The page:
MPs also enjoy a number of other perks, such as an "incidental expenses provision", which covers costs such as office equipment, travel costs and accommodation. There is a reimbursement scheme for car use and trips to EU institutions. They can also ask for up to two printers and a maximum of five computers, but these are "on loan" to them. All those costs are designed to allow MPs to take care of their Westminster and constituency responsibilities. Without them, they argue, there would be no way they could represent their constituents properly.

Do MPs need to top up their salary?

With their latest 1.9 per cent pay increase, the annual salary for MPs will rise from £60,675 to £61,820. The increase was in line with the rest of the public sector, but the process of setting the level of pay is often criticised as MPs are effectively in charge of their own pay increases. Undoubtedly, though, they could earn more elsewhere in private business, and many argue that they have a huge workload. That doesn't stop some MPs earning considerable sums outside the House.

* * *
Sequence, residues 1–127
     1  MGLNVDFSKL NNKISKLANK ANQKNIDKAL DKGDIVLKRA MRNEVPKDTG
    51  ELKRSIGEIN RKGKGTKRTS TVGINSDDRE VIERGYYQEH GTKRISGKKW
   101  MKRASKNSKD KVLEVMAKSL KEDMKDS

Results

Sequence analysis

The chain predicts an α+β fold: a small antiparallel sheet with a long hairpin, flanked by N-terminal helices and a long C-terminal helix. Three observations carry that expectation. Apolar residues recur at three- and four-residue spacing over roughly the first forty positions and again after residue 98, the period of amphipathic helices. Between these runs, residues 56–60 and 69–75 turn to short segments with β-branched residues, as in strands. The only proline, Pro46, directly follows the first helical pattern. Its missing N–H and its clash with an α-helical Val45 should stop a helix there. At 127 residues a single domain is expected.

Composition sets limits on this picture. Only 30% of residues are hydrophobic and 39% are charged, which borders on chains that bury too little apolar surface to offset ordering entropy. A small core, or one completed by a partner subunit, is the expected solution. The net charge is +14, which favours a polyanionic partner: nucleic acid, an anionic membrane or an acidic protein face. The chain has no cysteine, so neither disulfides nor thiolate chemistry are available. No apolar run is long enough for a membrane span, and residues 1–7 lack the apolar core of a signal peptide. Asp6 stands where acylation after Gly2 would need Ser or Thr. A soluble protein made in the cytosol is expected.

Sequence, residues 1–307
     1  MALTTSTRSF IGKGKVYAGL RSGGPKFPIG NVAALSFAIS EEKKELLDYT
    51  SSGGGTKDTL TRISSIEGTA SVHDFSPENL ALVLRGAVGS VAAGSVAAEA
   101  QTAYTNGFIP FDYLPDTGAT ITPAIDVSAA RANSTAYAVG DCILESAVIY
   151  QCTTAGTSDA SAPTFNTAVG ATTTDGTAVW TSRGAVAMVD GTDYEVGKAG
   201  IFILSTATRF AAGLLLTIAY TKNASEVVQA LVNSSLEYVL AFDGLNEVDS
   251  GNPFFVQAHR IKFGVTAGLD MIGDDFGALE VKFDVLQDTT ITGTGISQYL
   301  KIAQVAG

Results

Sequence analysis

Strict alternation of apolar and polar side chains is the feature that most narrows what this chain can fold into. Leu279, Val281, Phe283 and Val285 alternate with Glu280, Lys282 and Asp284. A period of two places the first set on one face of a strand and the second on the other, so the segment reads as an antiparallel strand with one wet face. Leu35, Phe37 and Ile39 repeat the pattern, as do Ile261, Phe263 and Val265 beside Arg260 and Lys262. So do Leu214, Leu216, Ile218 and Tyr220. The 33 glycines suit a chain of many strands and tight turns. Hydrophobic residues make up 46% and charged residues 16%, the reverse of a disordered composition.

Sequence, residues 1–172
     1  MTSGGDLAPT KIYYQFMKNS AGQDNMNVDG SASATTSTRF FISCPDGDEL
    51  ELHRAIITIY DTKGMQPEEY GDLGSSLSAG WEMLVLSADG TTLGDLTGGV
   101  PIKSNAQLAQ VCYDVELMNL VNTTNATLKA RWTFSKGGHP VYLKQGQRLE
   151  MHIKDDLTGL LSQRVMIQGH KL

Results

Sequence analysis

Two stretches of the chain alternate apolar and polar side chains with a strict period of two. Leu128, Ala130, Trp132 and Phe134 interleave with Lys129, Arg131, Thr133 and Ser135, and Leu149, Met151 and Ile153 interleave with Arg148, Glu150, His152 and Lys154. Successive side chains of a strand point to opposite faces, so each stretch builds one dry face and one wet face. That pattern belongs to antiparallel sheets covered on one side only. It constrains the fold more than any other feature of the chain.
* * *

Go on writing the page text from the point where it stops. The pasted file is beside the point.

Who monitors how MPs use expenses?

MPs regulate themselves, under the guise of the Commons Standards and Privileges Committee, which examines any breaches in the parliamentary code of conduct. Some argue that such a self-regulating system has now been proved to be too weak. The independent Committee on Standards in Public Life, set up by John Major in the wake of a number of sleaze scandals, is limited in its power as it does not look into individual cases. Specific rules governing the employment of people within the offices of MPs have also been challenged. MPs are under no obligation to declare who is working in their constituency offices, or how much their staff are being paid.

Will the rules be altered?